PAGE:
Regulators can't seem to get a handle on rules around protections for investors. The Department of Labor, or DOL, has been endeavoring to update the definition of fiduciary as it pertains to professionals advising retirement plans. The proposed rule, due out in August, has been kicked back to January 2015, the website for Pensions and Investments reported on Tuesday.
Here's the issue: The Department of Labor wants to expand the definition of fiduciary to include various financial professionals who advise retirement plans such as 401(k)s. As it is now, some advisers can sell products to retirement plans that are not necessarily in the best interests of participants.
The financial industry and some members of Congress have opposed the DOL's efforts, saying that a higher level of responsibility to investors would limit advisers' ability to discuss retirement plans with their clients and limit investor choices.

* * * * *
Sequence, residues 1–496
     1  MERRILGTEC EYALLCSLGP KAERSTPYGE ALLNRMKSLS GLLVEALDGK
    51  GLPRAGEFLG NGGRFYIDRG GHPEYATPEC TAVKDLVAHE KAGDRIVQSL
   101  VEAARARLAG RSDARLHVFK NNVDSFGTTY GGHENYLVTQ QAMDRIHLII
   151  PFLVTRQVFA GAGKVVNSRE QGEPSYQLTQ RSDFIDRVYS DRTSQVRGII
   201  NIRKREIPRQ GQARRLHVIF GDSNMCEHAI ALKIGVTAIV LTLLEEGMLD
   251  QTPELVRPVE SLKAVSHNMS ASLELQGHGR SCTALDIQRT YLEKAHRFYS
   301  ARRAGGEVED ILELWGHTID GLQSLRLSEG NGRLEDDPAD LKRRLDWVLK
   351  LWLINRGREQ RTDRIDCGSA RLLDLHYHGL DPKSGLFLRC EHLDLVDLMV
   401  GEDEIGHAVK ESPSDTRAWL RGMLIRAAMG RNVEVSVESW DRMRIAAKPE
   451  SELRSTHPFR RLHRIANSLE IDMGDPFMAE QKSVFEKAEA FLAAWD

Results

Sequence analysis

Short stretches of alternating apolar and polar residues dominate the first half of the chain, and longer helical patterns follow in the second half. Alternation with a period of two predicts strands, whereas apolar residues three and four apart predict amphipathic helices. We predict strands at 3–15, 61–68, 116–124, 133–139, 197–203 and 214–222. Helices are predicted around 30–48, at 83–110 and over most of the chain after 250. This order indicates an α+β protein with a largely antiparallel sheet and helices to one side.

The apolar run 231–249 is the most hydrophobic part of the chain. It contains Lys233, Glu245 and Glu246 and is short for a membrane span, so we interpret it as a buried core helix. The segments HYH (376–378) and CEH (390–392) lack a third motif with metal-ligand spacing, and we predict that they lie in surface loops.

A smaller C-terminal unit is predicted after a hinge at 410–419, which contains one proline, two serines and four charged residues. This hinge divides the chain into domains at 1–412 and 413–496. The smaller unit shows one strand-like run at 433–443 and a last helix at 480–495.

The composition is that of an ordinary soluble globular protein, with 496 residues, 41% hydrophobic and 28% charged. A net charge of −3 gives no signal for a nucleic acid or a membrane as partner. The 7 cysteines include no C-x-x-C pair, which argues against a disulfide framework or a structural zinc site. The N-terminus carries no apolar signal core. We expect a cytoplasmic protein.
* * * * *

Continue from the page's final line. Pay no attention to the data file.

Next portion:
Meanwhile, no one has seen the new rule.
The DOL did issue a proposal to expand the fiduciary definition back in 2010, but it was widely panned. In 2011, the regulator announced that the rule would be redrafted and rolled out again.
The fiduciary issue gained widespread traction in the Dodd-Frank Act, which authorized the Securities and Exchange Commission to study the issue and determine whether investors would benefit from a higher standard of care. The SEC found that investors would benefit. Studies have shown that investors can't differentiate between the financial professionals who must act in their best interest and those who do not.
Writing on the website ThinkAdvisor.com yesterday, the president of The Institute for the Fiduciary Standard, Knut A. Rostad, had this to say:
The regulatory battle today is not just about investor protection. It is better understood as whether regulations will protect business models with rules that allow massive opacity, material conflicts of interest and deceptive communications -- or not.
Wondering what the big deal is? Here's how the fiduciary standard protects you.
What should regulators do? Cave in to industry pressure or step up for investors?
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Senior investing reporter Sheyna Steiner is a co-author of "Future Millionaires' Guidebook," an e-book written by Bankrate editors and reporters. It's available at all the major e-book retailers.